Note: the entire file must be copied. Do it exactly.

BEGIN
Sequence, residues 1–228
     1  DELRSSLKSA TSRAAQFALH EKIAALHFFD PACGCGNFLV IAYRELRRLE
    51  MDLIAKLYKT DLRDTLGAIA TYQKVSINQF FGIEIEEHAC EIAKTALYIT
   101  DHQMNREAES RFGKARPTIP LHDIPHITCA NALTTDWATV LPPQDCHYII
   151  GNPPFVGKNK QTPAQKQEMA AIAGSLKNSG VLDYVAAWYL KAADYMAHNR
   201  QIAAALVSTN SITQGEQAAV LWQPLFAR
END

Sequence, residues 1–228
     1  DELRSSLKSA TSRAAQFALH EKIAALHFFD PACGCGNFLV IAYRELRRLE
    51  MDLIAKLYKT DLRDTLGAIA TYQKVSINQF FGIEIEEHAC EIAKTALYIT
   101  DHQMNREAES RFGKARPTIP LHDIPHITCA NALTTDWATV LPPQDCHYII
   151  GNPPFVGKNK QTPAQKQEMA AIAGSLKNSG VLDYVAAWYL KAADYMAHNR
   201  QIAAALVSTN SITQGEQAAV LWQPLFAR